Whilst you are still learning a spell via second reading but after you have finished with the practicals what do you test?
It looks like the Ob penalty from the will aptitude has gone away and you cast at the proper number of actions.
Succeeding the second reading gives no additional benefit and imposes an action penalty for failure. I don’t see what the second reading is meant to do.
Once you finish Practicals, you can’t cast the spell again until you finish Second Reading.
How do we explain that within the fiction? It looks like it’s quite contrived to me.
Consider the difference between being able to follow and understand a walkthrough proof of Gödel’s Incompleteness Theorem, and being able to repeat the proof at will, from memory and understanding. It takes study, and some proofs are just beyond some people.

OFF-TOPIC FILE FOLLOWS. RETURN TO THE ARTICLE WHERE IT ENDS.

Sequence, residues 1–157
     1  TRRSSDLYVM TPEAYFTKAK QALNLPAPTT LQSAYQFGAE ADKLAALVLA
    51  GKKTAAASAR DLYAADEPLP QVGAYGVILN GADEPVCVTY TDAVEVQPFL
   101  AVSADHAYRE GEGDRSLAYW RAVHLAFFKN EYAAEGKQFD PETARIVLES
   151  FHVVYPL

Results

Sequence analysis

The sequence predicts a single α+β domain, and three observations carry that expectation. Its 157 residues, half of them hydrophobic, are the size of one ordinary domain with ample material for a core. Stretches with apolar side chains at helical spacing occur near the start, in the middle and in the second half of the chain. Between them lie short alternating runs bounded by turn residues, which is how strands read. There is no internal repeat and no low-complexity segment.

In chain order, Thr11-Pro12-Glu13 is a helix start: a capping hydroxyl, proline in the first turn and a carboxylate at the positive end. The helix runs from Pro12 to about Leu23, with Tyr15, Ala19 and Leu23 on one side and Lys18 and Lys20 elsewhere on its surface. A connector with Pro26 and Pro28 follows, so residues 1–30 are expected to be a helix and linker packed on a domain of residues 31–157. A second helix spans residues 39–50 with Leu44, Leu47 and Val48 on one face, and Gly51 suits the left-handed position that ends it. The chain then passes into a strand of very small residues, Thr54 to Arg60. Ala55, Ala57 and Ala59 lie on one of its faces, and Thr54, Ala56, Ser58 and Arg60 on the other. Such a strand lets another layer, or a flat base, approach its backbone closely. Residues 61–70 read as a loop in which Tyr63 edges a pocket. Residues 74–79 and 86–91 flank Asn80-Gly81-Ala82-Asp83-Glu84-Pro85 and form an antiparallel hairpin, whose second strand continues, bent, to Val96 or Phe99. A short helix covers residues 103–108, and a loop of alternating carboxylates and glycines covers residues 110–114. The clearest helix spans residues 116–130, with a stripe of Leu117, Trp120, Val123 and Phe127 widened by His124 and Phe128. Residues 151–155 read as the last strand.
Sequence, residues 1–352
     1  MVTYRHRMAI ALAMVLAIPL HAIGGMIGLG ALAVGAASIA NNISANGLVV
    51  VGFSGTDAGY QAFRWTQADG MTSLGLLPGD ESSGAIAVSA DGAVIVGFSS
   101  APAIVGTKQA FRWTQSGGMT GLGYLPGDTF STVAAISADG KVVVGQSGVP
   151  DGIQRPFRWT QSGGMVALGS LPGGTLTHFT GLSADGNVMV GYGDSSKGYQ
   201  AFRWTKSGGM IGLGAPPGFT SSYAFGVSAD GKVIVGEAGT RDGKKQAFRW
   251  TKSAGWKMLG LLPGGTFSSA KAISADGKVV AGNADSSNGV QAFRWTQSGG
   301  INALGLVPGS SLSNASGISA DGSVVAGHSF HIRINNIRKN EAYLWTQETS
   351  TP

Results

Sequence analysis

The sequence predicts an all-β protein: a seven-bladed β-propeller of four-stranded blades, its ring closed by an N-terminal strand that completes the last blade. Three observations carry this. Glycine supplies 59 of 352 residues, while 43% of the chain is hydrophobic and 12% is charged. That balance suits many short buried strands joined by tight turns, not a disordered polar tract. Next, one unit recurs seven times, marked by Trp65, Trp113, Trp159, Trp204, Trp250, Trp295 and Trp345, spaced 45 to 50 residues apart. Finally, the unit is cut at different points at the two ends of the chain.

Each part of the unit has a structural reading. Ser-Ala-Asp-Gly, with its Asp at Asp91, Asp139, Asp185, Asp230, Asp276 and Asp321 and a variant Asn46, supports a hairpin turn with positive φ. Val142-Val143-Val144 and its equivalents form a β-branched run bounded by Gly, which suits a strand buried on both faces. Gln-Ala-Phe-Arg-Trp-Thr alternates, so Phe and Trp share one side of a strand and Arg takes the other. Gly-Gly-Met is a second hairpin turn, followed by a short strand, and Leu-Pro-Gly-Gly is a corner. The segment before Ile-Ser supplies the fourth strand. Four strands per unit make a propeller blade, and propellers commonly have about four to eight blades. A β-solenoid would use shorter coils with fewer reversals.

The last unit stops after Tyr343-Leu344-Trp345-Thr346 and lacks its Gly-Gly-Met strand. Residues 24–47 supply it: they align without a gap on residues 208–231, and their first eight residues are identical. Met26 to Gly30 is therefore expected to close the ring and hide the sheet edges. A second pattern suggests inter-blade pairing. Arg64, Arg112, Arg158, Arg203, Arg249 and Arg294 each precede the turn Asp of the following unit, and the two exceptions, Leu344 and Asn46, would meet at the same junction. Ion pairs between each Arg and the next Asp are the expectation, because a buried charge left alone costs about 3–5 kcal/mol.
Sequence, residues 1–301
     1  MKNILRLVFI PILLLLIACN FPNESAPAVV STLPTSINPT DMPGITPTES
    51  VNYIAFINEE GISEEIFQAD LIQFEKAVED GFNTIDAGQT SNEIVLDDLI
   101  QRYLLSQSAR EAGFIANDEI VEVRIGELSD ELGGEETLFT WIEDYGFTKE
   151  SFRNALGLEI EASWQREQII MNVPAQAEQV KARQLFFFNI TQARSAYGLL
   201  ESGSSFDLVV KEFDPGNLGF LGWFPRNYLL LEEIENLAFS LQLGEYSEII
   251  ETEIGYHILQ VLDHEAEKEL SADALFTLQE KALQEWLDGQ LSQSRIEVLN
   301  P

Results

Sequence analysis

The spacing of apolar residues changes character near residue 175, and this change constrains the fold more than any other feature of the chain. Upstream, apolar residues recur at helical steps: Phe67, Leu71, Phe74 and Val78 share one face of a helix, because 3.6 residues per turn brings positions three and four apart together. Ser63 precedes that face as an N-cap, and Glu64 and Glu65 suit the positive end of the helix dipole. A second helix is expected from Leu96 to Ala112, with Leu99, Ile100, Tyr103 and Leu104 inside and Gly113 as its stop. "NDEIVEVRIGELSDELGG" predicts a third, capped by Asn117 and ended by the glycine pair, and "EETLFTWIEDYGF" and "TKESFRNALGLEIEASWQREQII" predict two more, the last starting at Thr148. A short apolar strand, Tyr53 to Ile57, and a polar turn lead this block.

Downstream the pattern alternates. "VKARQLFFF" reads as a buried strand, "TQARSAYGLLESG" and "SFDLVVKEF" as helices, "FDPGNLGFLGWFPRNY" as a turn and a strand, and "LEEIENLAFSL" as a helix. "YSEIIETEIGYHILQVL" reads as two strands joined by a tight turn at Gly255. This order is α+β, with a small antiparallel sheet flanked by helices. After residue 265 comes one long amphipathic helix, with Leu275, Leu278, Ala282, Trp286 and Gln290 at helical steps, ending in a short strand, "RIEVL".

That still doesn’t make sense to me.
Lets say the player has Philosophers Perch and is has done the practicals. He’s found 5 game legitimate tests so far and failed 4 of them.
Another game legitimate situation comes up and the player wants to use philosopher’s perch again. What is stopping him? He’s done it before. He’s been getting better at it.
Because I can’t see the connection between mechanics and fiction I won’t have the confidence in this rule to enforce it in play.
Looking through it, what I would suggest is treating the base casting time as if they had utterly failed the second reading if they haven’t done it yet. Until they figure out how to whittle down the actions via the second reading it’s a slow ponderous spell. Or for a slightly more variable approach each practical cast increases the time by 1 as the sorceror adds in more syllables in an attempt to stabilise the spell without any certainty as to what is required, you’re managing to make the spell work better, but slower. Then the second reading serves as intended to strip out the excess verbage.